King’s silence on the war would be no more. The themes of the speech cowritten by historian and Rev. Vincent Harding would draw on the interconnection of the national and international struggle for freedom and economic justice. Dr. King’s use of the terminology of imperialism, colonialism, racism, nuclear war, militarism, and poverty, casting U.S. big business and government as the “greatest purveyor of violence” supporting some of the most brutal dictatorships in the world, showed he had started to analyze the foundations of global capitalism and its violent expression, war.
Dr. King’s anti-Vietnam war stance shows his total commitment to come to grips with the great questions of the day, and a changing political situation. His courage to speak truth to power despite the slings and arrows unleashed by the media, big business, and the civil rights and Democratic Party leadership on his criticism of the war allowed Dr. King’s radical instincts to come to the fore.
More importantly, his antiwar activism, organizing, leading of marches, and speaking became a conduit for the marriage of the civil rights and antiwar movements. King’s loss of support from liberals, traditional civil rights leaders, church leadership, the SCLC, and the Democratic Party because of his radicalization was immediate. Roger Wilkins, a U.S. Justice Department official, pointed out that “Johnson was outraged … He turned sour toward King and the movement. He felt that Martin had rejected him.” The SCLC executive board voted against backing Dr. King’s public statement against the war.
The movement would develop new radical allies, deepening the radical tone of leadership and articulating the deep crisis facing American capitalism and democracy and the need for a new vision for society.
Speaking in 1966, Dr. King stated: “We are dealing with class issues. Something is wrong with capitalism…Maybe America must move towards democratic socialism.” His socialism was not rooted in a serious class, Marxist analysis of capitalism but was inspired by the example of Jesus Christ and an egalitarian interpretation of the Christian faith. Dr. King’s Christian socialism was never articulated at public events or in the pulpit, only at SCLC and private meetings. He was unwavering in his belief of a more humane and spiritual vision of the world. This was reflected in his Beyond Vietnam speech at Riverside church on April 4, 1967:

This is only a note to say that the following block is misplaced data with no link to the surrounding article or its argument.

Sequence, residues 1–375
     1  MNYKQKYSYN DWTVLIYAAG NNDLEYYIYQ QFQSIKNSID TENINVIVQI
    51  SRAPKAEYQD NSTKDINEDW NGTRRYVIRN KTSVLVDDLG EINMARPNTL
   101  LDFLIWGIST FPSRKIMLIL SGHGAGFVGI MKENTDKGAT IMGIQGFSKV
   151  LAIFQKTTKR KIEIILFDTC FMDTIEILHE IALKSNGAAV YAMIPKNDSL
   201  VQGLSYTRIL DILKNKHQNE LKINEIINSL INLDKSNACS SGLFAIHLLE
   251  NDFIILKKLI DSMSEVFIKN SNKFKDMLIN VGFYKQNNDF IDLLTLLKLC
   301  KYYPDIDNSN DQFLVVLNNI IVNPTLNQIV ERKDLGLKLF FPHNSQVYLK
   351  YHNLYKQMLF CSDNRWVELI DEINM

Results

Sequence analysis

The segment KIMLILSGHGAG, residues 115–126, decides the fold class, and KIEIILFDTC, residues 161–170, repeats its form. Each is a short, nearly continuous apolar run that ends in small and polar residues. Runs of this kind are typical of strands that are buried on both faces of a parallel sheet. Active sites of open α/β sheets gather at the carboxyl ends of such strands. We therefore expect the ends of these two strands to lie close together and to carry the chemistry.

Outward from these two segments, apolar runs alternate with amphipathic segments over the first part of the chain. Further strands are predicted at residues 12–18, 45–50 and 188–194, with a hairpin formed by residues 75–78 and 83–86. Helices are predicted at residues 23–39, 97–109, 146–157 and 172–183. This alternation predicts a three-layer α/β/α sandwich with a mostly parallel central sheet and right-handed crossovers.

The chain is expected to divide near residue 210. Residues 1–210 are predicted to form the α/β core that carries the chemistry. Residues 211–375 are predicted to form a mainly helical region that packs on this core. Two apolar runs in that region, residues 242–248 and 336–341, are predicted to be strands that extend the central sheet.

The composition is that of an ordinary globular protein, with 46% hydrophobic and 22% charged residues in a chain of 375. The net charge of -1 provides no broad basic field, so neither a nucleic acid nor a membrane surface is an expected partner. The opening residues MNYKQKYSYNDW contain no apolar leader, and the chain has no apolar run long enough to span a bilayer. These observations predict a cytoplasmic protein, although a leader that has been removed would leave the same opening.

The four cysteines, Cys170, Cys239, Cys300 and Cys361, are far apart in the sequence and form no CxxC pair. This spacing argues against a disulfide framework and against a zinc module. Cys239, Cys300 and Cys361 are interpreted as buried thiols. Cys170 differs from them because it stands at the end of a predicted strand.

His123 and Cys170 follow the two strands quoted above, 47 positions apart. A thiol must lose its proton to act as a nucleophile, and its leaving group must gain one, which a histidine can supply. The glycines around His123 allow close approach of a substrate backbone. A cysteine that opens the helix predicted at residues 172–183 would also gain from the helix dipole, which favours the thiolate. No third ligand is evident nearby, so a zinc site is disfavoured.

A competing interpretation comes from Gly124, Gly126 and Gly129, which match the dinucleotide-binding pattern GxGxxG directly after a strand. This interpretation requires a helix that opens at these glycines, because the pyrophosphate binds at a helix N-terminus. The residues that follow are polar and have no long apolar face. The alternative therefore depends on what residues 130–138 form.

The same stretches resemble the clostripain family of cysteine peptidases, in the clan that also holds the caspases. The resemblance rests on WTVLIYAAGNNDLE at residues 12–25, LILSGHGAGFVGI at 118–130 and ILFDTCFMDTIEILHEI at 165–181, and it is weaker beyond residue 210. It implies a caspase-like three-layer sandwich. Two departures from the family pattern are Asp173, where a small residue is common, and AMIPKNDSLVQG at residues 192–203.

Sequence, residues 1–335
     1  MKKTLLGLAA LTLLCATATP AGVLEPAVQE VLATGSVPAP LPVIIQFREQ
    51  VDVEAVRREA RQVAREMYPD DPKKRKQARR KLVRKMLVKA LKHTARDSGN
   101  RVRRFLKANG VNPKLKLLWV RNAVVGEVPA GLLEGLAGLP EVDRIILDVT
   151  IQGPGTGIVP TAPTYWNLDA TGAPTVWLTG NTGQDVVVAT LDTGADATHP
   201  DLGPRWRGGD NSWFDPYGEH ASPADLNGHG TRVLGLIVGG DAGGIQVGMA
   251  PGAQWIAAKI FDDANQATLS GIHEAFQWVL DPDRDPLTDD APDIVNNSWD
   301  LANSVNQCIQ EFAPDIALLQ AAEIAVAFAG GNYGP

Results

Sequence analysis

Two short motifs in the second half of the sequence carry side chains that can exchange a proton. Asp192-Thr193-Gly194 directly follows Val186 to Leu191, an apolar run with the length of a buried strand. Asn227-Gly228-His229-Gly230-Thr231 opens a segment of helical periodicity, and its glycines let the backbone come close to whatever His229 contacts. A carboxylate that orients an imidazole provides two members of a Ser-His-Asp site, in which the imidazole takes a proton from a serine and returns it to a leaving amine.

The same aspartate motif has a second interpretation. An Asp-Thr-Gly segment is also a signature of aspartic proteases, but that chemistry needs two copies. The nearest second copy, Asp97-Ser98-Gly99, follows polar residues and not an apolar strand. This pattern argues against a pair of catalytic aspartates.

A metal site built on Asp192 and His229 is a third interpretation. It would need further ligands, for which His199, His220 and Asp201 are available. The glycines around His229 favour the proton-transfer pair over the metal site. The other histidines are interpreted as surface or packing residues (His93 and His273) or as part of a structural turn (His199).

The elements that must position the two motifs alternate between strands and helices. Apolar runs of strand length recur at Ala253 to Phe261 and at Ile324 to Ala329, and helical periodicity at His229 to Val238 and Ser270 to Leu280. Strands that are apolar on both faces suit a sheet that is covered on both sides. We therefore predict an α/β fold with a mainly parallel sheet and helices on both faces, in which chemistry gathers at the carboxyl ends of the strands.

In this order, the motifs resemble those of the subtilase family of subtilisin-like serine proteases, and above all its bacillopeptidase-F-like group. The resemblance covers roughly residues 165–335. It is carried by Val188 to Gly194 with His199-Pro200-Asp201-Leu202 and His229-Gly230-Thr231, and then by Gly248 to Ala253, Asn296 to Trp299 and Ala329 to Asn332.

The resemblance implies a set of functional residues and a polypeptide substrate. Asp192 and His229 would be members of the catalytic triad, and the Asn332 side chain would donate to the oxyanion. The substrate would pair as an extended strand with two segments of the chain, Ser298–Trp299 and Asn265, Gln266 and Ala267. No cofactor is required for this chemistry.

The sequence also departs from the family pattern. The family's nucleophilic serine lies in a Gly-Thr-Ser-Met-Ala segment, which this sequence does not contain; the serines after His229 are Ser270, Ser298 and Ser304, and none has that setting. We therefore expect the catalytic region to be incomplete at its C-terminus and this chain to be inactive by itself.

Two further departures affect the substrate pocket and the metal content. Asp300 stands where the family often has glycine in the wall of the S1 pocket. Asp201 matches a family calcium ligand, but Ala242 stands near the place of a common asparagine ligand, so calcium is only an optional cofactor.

“A true revolution of values will soon cause us to question the fairness and justice of many of our past and present policies. On the one hand, we are called to play the Good Samaritan on life’s roadside, but that will be only an initial act. One day, we must come to see that the whole Jericho Road must be transformed… A true revolution of values will soon look uneasily on the glaring contrast of poverty and wealth… A true revolution of values will lay hand on the world order and say of war, “This way of settling differences is not just.” This business of burning human beings with napalm, of filling our nation’s homes with orphans and widows, of injecting poisonous drugs of hate into the veins of peoples normally humane, of sending men home from dark and bloody battlefields physically handicapped and psychologically deranged, cannot be reconciled with wisdom, justice, and love. A nation that continues year after year to spend more money on military defense than on programs of social uplift is approaching spiritual death.”
Dr. King and the Memphis Strike
“Whenever men and women straighten their backs up, they’re going somewhere. Because a man can’t ride your back unless it is bent.” (Michael K. Honey, Going Down Jericho Road: The Memphis Strike, Martin Luther King’s Last Campaign, pp. 422-423)
The Memphis sanitation workers’ strike of 1968 epitomized the struggle for economic justice. Ending the poverty wages earned by working people punctuated Dr. King’s question, “what’s good with integrating a lunch counter if a man doesn’t make enough money to buy a hamburger?” The Memphis strike showcased the industrial unionism of the southern working class and the power, violence, and resistance of white supremacy. The strike challenged the culture of oppression and inferiority that the black sanitation workers and the black working class and poor endured daily from slavery to Jim Crow. Dr. King’s participation in the campaign is not an accident; it is rooted in the political, economic, and social aims of the black freedom movement.
Dr. King politically and organizationally understood the link between the labor and civil rights movements. The “captains of industry” and big business opposed both labor and civil rights, holding down wages and violently attacking strikes for union representation and better working conditions. The U.S. capitalist class and their political representatives have always used racism and sexism to divide the working class and deny human rights, economic justice, and social uplift to the black masses, immigrants, and women.